As I got diagnosed with fibromyalgia, postural orthostatic tachycardia syndrome (POTS), and irritable bowel syndrome (IBS), I stopped caring about certain aspects of my overall health because I simply didn’t have the bandwidth and time to face them. The first thing to go was my dermatology appointments because I stopped caring about the little bit of acne I had left; I had bigger battles to fight.
Then my primary care doctor told me that she saw a worrisome mole on my back.
My decision to not get annual check-ups with a dermatologist had consequences. Thus began a process that involved getting diagnosed with a pre-cancerous melanoma and having surgery to beat cancer decades early. I have a healing scar on my back to prove it. I also have a stronger habit of using sunscreen whenever I go outside and putting on moisturizer with SPF each morning (and practicing other skin cancer prevention techniques including, strangely enough, putting on sunblock if I’m going to be in the car on a very sunny day).
The second thing to go was my regular appointments with a dentist; the sounds of the drills gave me searing headaches. After avoiding appointments for more than two years, I had more cavities than can be counted on two hands.
These decisions have costs. I’m proof of it, and I’m learning from my mistakes and hopefully passing along reminders of the cost of ignoring certain aspects of my life and health to save a moment of my time. Just like going to McDonald’s instead of cooking at home because it’s faster and involves less effort, it can, and eventually will, backfire. Our bodies break down – it’s a harsh fact of life. If we are blessed by old age, we will all have health problems we never expected to have; we will all become disabled in some way(s), even if we haven’t already faced disability. If we are blessed by life itself, regardless of age, there will be unpleasant health surprises – my young age of 22 didn’t prevent me from having to get skin cancer detection and removal.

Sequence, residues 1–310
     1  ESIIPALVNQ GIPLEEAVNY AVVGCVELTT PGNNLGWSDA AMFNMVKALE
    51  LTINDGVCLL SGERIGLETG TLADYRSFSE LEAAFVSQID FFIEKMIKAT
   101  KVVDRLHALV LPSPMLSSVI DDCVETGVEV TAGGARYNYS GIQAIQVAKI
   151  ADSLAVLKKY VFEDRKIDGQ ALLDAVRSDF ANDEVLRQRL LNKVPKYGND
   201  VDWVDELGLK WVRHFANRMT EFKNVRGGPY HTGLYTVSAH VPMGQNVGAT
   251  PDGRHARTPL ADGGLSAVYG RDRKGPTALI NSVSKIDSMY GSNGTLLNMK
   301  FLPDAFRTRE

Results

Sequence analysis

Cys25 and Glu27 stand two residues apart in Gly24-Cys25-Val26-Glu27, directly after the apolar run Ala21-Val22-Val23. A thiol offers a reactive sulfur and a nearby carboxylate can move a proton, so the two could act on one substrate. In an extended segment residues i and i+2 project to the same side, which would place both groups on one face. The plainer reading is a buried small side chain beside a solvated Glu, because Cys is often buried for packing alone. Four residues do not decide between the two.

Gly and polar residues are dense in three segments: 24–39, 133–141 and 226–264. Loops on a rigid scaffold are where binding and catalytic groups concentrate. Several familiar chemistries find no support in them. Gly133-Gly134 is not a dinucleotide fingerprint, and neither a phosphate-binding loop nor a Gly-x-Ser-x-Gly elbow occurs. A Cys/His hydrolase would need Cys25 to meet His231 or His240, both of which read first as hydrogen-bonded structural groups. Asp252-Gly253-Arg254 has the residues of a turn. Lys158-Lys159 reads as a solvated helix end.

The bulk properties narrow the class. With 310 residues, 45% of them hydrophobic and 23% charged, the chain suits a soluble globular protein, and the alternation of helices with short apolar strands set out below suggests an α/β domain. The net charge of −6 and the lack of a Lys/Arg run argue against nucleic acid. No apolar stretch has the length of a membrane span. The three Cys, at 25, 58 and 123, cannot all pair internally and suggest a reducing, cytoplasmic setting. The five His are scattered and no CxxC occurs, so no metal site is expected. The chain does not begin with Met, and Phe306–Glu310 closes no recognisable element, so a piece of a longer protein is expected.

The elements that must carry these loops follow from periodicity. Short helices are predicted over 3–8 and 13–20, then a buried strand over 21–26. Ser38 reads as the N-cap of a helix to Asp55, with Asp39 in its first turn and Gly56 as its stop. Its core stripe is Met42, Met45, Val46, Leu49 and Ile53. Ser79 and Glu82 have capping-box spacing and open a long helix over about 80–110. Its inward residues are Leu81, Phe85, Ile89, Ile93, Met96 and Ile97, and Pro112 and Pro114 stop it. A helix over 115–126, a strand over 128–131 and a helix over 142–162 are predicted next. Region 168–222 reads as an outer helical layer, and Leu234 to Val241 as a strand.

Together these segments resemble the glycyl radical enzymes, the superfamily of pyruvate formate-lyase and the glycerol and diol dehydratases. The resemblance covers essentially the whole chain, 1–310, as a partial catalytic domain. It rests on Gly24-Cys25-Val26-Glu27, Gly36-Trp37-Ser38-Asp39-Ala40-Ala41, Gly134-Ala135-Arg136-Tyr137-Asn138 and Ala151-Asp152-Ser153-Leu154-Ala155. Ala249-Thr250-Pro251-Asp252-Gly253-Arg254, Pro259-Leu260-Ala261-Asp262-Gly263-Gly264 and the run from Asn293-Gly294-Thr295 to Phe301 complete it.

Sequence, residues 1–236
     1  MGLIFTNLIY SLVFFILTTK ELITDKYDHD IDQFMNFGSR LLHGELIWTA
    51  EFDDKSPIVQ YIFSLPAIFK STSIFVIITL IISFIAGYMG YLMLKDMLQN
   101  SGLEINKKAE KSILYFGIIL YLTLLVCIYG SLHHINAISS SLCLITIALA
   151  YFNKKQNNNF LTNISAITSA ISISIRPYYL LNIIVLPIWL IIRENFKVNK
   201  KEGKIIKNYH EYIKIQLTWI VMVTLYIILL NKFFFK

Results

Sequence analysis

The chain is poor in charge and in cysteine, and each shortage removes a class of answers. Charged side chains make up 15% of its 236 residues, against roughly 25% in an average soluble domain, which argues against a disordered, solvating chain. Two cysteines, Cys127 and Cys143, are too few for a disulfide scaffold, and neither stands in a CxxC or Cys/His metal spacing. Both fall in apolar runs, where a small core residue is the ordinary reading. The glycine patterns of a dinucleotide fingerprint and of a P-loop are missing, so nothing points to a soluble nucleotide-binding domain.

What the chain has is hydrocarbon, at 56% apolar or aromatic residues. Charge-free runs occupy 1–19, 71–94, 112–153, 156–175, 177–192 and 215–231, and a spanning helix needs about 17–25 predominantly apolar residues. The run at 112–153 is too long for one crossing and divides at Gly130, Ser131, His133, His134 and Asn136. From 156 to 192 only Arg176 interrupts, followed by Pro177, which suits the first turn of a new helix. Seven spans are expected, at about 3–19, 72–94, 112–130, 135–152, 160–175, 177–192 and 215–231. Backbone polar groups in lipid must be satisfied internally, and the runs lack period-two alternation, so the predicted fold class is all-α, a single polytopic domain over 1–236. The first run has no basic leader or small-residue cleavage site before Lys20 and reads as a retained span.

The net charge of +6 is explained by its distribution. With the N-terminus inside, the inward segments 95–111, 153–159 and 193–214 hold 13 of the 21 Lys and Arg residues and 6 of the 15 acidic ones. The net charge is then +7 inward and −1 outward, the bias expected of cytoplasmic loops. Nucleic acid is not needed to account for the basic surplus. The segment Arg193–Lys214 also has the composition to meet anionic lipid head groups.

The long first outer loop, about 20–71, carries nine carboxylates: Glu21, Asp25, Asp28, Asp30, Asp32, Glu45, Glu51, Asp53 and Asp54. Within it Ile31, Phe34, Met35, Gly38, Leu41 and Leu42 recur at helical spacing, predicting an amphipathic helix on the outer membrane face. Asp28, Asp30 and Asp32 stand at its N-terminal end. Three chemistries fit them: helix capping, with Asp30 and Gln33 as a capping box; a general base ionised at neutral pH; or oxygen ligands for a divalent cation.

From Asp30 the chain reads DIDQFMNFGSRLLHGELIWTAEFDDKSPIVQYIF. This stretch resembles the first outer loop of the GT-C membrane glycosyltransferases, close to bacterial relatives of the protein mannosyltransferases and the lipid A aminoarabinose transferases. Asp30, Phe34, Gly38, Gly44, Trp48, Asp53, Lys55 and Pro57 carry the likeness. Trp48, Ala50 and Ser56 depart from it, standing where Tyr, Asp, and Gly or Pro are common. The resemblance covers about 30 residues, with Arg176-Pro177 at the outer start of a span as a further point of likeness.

These regular check-ups with medical professionals like general practitioners, dentists, dermatologists, and so on cannot be skipped. Just because I spend most of my health-related energy trying to face my joint and neurological problems doesn’t mean that I can skip the rest of my body.
So, friends, how is your physical health other than your biggest problem area(s)? Your spiritual health? Mental health? Social health? Your diet? These can’t be forgotten or ignored. Prevention, being proactive, is far better and easier than being reactive and having to face a problem once it’s already been there a while.
Here’s a list of the kind of medical professionals you might want to see regularly throughout your lifetime. Here’s a way of finding high-ranked doctors who take your insurance, or if you don’t have insurance, a database of sliding scale clinics with information about who they serve. Here’s a way of finding mental health professionals whose description seems to match your hopes and who take your insurance, as well as advice about how to get low-cost or free counseling.
Do not miss the big picture; do not miss the forest as you face the trees. Get professionals who can see the whole, not just the parts, because both are crucial to your long-term and holistic well-being. You matter – all of you, not just the part(s) of you that consistently gives you trouble. Take care of yourself.
One thought on “Don’t Forget About Other Aspects of Your Health as You Face Your Illness(es)”
What a great post! Our routine health appointments are so important – it may feel better at the time to skip them, but as you said, if we do we may end up paying a big price later. We are so much more than our illnesses, and taking care of our ‘whole self’ is key to living well in spite of our circumstances. Thanks for sharing your story!